Worldwide, cannabis is the third most commonly-used substance after alcohol and tobacco. Aside from recreational use, chronic pain management is often cited as a key reason for its use, which to be honest, is not exactly a new idea. For thousands of years cannabis has been integrated into folk medicine and religious ceremonies to alleviate a variety of ailments. Around 200AD, a Chinese surgeon, Hua Tuo, became the first recorded physician to use cannabis as an anaesthetic during surgery. Interestingly, the word for anaesthesia in Chinese, mázui, literally means ‘cannabis intoxication’.
In more recent years, numerous studies on cannabis-based products or cannabidiol (CBD) have been undertaken, with research suggesting tangible therapeutic benefits for a range of conditions, including epilepsy, multiple sclerosis, neuropathic pain, Parkinson’s disease, anxiety and arthritis, among others.
Currently, countries with laws legalising or decriminalising the use of cannabis for medical reasons include Canada, Germany, Colombia, Australia, Chile, Finland, Turkey, Uruguay, the Netherlands, Peru, the Czech Republic and the USA (some states).
New Zealand is working on joining them.
Until recently, New Zealand medical practitioners required approval from the Ministry of Health to prescribe any cannabis-based products. Late last year however, in response to advice from the Expert Advisory Committee on Drugs, the New Zealand Government passed the Misuse of Drugs Amendment Regulations 2017, which reduced the restrictions that previously applied to CBD products. While patient accessibility to medical marijuana has improved since the law change, the Ministry of Health explicitly points out that the use of unprocessed or non-standardised cannabis leaf or flower preparations is still restricted.
The regulation amendment means that CBD is now no longer classed as a controlled drug and allows Kiwi doctors to prescribe CBD products at their discretion. Further, pharmacies, medical practitioners and wholesalers are exempt from the requirement to have an import licence for CBD products.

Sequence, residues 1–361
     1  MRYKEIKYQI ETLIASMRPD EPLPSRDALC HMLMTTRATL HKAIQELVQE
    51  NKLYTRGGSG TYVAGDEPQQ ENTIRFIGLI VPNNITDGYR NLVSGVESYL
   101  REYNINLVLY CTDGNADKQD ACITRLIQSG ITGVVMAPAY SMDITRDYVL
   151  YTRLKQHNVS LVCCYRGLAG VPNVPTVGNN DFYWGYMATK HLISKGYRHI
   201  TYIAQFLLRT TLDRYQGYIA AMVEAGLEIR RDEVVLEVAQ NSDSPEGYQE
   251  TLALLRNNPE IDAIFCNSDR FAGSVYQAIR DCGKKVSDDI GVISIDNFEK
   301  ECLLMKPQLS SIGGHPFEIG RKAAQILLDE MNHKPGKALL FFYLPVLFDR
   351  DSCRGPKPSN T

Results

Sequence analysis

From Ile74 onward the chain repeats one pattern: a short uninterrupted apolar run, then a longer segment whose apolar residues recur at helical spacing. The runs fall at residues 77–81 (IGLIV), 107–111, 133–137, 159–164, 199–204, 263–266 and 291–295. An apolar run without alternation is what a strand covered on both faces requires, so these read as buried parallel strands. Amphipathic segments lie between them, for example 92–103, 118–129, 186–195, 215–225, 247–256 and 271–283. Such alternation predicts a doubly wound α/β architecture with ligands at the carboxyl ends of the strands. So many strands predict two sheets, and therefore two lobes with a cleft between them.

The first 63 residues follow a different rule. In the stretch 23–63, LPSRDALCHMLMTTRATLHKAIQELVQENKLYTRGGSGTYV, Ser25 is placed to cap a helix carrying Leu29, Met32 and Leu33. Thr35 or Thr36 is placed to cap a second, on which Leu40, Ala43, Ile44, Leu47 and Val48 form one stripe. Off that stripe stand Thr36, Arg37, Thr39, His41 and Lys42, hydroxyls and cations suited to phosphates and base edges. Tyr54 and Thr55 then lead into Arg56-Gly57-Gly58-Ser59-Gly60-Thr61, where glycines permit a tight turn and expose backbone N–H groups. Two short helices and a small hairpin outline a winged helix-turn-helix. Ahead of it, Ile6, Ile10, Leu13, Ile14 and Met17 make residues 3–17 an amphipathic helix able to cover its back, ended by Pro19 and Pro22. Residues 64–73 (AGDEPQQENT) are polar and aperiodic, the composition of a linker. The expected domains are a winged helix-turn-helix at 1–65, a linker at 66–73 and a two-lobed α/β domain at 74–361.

A further expansion of the new law amendment is currently at Parliamentary Select Committee after passing its first reading in parliament at the end of January. Introduced by Labour Party MP, Dr. David Clark, the bill proposes easing the suffering of people dying in pain by providing an exception and a statutory defence so that terminally ill people may possess and use illicit cannabis.
Interestingly, at around the same time, Green Party MP, Chloe Swarbrick introduced a bill that would take the Labour Party initiative even further and allow people suffering from a terminal illness or chronic pain to legally grow their own cannabis. Although 78% of New Zealanders agreed with the premise of the Green Party medicinal cannabis bill, this one failed at its first reading, 47 votes to 73.
So, more legal changes may be on the horizon for medical cannabis use within New Zealand. As Dr David Clark points out, “Many New Zealanders will have watched a loved one struggling with a terminal illness. Medicinal cannabis gives them another option to find relief and make the most of the time left to them”. New Zealand medical professionals will be watching the political landscape over the coming months, and Ochre Recruitment will keep you informed of any developments regarding medical jobs in New Zealand.